Richard Serbin

Attorney Richard Serbin meets with reporters Tuesday, June 21, 2016, at his office in Altoona.

Long before the Roman Catholic Archdiocese of Los Angeles reached a more than $600 million settlement with victims of child sexual abuse, before a “Spotlight” was shined on the Archdiocese of Boston, before every bishop in Chile offered to resign in the aftermath of a 2,300-page report detailing misconduct by clergy in that nation, before Australia released the Royal Commission into Institutional Responses to Child Sexual Abuse, Blair County attorney Richard Serbin was one of the few individuals in the United States drawing attention to predator priests.

He was threatened and vilified at the time.

But, when the Pennsylvania Office of the Attorney General issued a grand jury report in 2016 exposing how the Roman Catholic Diocese of Altoona–Johnstown protected abusers and another this year that provided information about similar actions committed in six other dioceses, Serbin, who has represented hundreds of victims, was ultimately vindicated.

“I always knew I was doing the right thing, and it’s gratifying that the information of what took place is now being made available to the public,” Serbin said. “It’s about the children. 

“There was nothing about what happened within the church that you could look at and say, ‘Well, I understand.’ It’s beyond one’s imagination that purported leaders representing the highest of morals would be a part of a cover-up of the most heinous and vile crimes against children.”

Serbin played a key role in the investigations, providing information about dozens of predator priests.

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In 1987, Serbin, a civil attorney, met Michael Hutchinson, a troubled 19-year-old in a mental institute for criminals.

He eventually learned Hutchinson and an older brother, Mark Hutchinson, had been sexually abused by the Rev. Francis Luddy, who served at St. Therese of the Child Jesus in Altoona.

Luddy, godfather to both brothers, abused Mark in the church rectory and other locations, including on trips to Europe. 

“He would sleep in the same room with Mark,” Serbin said. 

“And other people from the church would go on these trips. They were aware of that. And Mark was older than Michael, so he molested Mark first, and then went to Michael, and later – as it turned out – went to (another brother) Samuel.”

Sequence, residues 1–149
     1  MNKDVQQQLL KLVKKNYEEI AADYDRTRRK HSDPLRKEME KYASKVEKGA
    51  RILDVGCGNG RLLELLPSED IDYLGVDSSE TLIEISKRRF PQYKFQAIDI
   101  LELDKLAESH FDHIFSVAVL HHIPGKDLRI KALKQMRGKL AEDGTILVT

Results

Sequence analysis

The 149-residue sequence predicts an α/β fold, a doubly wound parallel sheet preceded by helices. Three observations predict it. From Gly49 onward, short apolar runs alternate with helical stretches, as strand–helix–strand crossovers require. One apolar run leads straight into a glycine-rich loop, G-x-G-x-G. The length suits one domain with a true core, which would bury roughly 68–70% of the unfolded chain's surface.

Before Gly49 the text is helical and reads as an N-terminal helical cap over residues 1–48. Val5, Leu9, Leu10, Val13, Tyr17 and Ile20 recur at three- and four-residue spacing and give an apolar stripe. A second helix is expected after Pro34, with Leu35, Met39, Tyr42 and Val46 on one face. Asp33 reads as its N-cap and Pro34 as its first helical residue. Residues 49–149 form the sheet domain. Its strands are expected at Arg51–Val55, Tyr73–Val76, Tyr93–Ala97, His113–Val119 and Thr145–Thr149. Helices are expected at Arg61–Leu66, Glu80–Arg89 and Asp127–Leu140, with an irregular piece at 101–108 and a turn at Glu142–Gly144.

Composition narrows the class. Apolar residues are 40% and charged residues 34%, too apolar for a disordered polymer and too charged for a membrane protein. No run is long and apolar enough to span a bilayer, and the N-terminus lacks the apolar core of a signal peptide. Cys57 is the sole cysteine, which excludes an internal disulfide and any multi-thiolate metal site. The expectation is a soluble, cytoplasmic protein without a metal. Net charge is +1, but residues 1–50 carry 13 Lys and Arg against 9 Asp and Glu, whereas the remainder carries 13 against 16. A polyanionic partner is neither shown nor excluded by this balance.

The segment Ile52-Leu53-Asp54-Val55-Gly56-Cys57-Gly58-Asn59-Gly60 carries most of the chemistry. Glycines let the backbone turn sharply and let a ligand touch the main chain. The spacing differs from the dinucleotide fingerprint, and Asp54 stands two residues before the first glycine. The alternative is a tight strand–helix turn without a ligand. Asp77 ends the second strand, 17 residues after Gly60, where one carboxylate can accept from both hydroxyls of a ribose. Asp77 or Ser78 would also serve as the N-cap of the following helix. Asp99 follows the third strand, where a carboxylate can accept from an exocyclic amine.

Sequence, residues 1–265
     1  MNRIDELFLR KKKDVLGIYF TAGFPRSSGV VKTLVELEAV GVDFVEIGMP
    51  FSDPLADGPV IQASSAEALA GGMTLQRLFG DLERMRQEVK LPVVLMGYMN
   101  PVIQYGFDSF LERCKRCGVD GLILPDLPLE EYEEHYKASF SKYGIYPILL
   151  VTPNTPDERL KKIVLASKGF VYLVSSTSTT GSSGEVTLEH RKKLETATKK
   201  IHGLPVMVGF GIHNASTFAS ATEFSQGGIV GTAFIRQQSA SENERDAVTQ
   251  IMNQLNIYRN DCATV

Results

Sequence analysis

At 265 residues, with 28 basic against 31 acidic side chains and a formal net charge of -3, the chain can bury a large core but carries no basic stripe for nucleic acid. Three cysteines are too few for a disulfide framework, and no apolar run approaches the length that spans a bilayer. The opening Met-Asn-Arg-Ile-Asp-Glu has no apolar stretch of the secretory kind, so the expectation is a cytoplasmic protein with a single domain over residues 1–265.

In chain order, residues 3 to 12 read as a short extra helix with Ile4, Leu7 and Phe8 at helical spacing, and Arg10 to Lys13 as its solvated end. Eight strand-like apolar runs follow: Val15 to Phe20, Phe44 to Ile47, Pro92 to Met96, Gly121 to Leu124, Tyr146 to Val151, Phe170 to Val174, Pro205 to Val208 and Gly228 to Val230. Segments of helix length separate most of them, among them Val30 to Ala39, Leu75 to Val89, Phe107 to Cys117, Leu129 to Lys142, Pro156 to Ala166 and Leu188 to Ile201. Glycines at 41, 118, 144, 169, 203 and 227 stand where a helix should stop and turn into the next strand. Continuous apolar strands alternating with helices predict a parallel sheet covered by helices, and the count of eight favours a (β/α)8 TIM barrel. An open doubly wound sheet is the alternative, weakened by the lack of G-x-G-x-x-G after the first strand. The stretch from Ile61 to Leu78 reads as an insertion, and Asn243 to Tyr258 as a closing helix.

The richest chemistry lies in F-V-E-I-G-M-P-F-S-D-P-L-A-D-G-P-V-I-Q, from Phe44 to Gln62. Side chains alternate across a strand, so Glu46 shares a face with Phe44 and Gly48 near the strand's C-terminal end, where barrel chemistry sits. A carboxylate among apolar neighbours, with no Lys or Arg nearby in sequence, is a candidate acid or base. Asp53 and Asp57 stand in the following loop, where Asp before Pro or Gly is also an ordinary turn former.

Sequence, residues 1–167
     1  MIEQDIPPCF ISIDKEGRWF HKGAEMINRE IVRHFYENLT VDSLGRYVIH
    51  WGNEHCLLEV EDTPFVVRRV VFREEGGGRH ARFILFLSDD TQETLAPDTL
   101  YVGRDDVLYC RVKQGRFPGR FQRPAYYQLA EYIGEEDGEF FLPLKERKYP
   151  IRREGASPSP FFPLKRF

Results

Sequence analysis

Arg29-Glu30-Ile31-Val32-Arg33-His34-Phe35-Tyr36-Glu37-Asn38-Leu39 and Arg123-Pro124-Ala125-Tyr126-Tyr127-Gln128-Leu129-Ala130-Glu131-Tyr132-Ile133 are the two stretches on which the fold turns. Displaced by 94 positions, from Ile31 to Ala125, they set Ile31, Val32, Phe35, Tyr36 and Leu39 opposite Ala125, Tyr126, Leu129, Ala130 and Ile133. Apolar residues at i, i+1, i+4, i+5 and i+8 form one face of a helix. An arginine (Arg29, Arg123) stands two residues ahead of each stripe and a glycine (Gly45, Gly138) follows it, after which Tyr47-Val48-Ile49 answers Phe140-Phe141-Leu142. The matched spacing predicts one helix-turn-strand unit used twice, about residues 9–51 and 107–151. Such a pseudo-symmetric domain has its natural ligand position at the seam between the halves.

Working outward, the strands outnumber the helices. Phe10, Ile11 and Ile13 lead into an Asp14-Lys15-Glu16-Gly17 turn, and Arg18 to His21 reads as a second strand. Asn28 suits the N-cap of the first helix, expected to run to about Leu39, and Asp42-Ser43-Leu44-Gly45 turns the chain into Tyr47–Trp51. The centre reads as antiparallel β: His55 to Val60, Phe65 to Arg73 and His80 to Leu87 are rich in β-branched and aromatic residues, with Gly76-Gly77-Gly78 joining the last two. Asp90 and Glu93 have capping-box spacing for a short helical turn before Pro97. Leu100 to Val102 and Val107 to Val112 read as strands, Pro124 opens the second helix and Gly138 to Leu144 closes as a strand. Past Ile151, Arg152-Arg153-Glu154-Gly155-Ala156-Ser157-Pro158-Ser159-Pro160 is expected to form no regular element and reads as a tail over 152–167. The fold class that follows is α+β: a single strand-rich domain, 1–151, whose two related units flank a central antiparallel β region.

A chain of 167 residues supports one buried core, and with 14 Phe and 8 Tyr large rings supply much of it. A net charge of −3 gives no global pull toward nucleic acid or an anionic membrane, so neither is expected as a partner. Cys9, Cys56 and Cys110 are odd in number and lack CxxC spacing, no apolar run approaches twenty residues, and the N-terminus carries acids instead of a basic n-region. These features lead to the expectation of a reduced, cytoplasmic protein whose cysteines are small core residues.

Serbin took the case to trial, beginning a two-decade process during which the diocese spent $2 million to defend itself and Luddy, who admitted to abusing Mark and had been sent to the Servants of the Paraclete in New Mexico for treatment. But, three decades ago, an attorney who brought forth such a case was often perceived as trying to damage the church’s reputation with lies.

“I was attacked publicly, as was my client,” Serbin said.

A Blair County jury, though, awarded $1 million in punitive damages assessed to the diocese, $50,000 to Luddy, $500,000 for future psychiatric and/or medical expenses, $10,000 for pain and suffering and $9,000 for loss of enjoyment of life, according to information provided by Serbin’s office.

“The jury got it right,” Serbin said. “Luddy was a sick, vile man. But, as far as I’m concerned, the leaders in the church, including the bishops that protected him, defended him, supported him, their actions are far more disgusting and disturbing than the child predator himself.”

The legal proceedings in the Luddy case – with appeals – did not conclude until 2008.

Serbin’s office provided additional information about payments in an email, stating: “Thereafter, along with payment of the compensatory damage verdict, interest was paid in the amount of $634,153.42. The punitive damage claim was paid in two parts, the award of $1,000,000.00 plus interest in the amount of $202,191.77. Subsequently additional interest was paid on the punitive damage claim in the amount of $579,435.11.”

“After 20 years of battle, I got every penny, plus over $500,000 worth of interest,” Serbin said. 

“Those legal battles helped me gain the reputation – I think – as a fighter for the sexually abused victim, someone who is not afraid of the power of the church and with a willingness to do whatever it took.”